This comparison chart shows the typical color and graining of some of the most popular species which are used as a flooring material. Click on any image to learn more about the properties, workability, usage and other information for the particular wood species. Please note that this is just a partial list. If you don’t see the wood species that you’re looking for, give us a call and we’ll be happy to answer any questions you may have.


Red MahoganyMahoganyScientific Name:
Swietenia mahagoni
Swietenia macrophylla

Other Names and Species:
Cabriuva Vermelha
Cedro Chino
Palo de Balsamo

Species of Swietenia cross-fertilise readily when they grow in proximity; the hybrid between S. mahagoni and S. macrophylla is widely planted for its timber. “Mahogany” may refer to the largest group of all Meliaceae, the fifteen related species of Swietenia, Khaya and Entandrophragma. The timbers of Entandrophragma are sold under their individual names, sometimes with “mahogany” attached

Species of Swietenia native to southern Florida, USA, The Bahamas, Cuba, Jamaica, and Hispaniola. In addition to Swietenia mahoganies this applies also to Khaya (African Mahogany native to tropical Africa and Madagascar.) and Toona (Chinese Mahogany native from Afghanistan south to India, and east to North Korea, Papua New Guinea and eastern Australia.) which are both from the Meliacae (Mahogany) family.

The very fine and even texture of this well-known and popular hardwood, along with its striped figuring, complements the attractive dark reddish brown colour of mahogany wood flooring. The white sapwood is sharply demarcated from the heartwood. The grain of mahogany is typically interlocked, and the surface can have a medium to high lustre. When freshly cut, it has a pleasant spicy scent.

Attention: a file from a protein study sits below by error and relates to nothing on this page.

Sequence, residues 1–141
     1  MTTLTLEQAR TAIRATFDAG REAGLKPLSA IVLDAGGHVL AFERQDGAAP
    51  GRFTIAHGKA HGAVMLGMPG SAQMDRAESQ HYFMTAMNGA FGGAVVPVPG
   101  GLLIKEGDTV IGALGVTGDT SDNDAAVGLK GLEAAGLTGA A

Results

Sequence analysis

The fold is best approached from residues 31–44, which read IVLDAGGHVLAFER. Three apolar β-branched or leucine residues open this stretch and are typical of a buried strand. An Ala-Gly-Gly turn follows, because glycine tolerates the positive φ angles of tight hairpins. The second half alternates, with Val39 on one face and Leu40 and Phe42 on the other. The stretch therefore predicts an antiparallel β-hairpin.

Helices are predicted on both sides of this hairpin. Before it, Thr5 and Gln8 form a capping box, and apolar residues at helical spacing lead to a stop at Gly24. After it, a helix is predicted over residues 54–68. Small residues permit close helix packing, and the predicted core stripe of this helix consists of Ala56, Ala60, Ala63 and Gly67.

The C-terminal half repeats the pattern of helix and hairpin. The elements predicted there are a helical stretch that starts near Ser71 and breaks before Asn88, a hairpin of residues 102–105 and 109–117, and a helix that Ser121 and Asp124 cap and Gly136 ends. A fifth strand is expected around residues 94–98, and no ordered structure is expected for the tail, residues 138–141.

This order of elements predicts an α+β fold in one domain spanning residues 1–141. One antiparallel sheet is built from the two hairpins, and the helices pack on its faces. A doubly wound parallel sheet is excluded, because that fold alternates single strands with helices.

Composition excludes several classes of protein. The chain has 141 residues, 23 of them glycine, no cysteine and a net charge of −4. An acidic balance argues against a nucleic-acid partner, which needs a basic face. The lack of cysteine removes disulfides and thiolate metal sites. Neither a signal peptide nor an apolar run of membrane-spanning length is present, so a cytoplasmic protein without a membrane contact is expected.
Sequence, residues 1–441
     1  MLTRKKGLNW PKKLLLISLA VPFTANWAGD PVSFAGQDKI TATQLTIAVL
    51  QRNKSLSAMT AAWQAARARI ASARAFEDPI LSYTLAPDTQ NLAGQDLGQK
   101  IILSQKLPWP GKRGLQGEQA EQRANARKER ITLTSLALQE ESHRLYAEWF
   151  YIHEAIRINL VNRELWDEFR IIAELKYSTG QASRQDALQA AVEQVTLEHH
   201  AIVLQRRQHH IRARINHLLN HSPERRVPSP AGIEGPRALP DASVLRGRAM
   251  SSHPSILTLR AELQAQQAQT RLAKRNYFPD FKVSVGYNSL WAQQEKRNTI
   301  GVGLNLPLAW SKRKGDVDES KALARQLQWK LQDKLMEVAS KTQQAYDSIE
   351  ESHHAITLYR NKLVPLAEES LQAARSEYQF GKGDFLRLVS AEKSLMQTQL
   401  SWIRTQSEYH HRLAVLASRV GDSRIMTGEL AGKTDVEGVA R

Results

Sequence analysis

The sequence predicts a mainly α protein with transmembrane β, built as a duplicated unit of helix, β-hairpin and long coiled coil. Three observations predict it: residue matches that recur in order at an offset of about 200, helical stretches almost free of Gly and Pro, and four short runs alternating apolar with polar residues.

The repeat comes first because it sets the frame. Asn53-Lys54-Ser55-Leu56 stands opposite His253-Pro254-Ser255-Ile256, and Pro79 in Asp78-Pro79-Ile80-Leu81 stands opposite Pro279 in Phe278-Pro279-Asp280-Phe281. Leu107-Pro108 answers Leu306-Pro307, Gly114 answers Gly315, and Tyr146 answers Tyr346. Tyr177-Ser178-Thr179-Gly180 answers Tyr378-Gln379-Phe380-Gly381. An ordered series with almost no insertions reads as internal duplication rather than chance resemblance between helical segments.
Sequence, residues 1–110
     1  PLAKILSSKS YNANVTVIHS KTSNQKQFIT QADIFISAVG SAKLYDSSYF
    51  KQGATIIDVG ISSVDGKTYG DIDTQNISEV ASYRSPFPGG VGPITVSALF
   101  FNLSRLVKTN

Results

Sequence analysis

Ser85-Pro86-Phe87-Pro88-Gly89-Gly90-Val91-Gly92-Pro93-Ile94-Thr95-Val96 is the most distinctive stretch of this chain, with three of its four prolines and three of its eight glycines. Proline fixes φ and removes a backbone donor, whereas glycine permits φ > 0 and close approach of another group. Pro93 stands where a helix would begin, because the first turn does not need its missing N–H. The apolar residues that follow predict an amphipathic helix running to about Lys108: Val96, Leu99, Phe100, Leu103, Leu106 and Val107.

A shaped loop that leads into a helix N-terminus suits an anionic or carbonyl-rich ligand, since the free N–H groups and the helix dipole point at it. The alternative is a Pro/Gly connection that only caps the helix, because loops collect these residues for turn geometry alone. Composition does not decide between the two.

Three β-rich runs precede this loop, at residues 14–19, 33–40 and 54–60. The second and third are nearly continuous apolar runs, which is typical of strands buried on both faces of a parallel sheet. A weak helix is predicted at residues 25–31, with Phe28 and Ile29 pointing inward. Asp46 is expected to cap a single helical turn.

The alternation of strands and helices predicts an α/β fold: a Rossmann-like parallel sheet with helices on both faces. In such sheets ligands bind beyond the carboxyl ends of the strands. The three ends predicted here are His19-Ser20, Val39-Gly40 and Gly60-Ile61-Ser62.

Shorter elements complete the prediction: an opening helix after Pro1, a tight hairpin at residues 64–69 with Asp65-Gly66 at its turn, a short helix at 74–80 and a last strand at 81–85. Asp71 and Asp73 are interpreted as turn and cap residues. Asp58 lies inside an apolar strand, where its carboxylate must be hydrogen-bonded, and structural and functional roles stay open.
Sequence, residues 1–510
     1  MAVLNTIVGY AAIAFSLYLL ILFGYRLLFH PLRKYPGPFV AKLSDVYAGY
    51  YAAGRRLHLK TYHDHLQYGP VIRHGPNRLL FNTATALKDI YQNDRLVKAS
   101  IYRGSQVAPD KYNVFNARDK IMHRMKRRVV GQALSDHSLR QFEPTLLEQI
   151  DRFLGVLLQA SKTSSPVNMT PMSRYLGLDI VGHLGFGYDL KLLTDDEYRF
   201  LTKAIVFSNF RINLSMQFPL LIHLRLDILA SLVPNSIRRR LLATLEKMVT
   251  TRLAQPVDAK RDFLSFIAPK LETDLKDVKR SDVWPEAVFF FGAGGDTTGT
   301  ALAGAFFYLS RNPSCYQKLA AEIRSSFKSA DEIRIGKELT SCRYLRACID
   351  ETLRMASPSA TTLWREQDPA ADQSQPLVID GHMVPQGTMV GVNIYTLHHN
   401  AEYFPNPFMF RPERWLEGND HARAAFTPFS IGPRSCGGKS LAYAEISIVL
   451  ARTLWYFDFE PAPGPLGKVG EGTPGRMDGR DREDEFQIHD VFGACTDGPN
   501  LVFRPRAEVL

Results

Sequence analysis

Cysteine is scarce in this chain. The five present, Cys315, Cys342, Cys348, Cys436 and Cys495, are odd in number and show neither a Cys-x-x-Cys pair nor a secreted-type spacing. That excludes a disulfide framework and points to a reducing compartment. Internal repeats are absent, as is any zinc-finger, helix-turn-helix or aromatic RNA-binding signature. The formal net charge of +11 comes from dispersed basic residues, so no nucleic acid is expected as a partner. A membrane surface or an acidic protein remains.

Mahogany is known for its strength and beauty, and it has outstanding durability. Given its hardness and colour-fastness, santos mahogany is a superior choice to genuine Honduran mahogany (Swietenia macrophylla), which it closely resembles in colour. In fact, although genuine mahogany is traditionally chosen for fine furniture and millwork, it is seldom used in wood flooring because it lacks sufficient hardness to withstand constant foot traffic.
Because of its wide variety of species, mahogany has also very wide range of hardness – from the Red Mohogany(Australia) 2697 and Santos Mahogany (Central and South America) 2200 to African Mahogany (Africa) 830 and Honduran Mahogany (Central America) 800.
Because of the hardness of some os the speceis, the wood can make sawing and machining difficult, carbide tooling is recommended for mahogany wood flooring. It sands beautifully to a high natural polish, however, and has good holding ability.
Mahogany is typically found in wood flooring, turnery, interior trim, and furniture. The pleasantly aromatic balsam of mahogany is often used as an ingredient in some perfumes.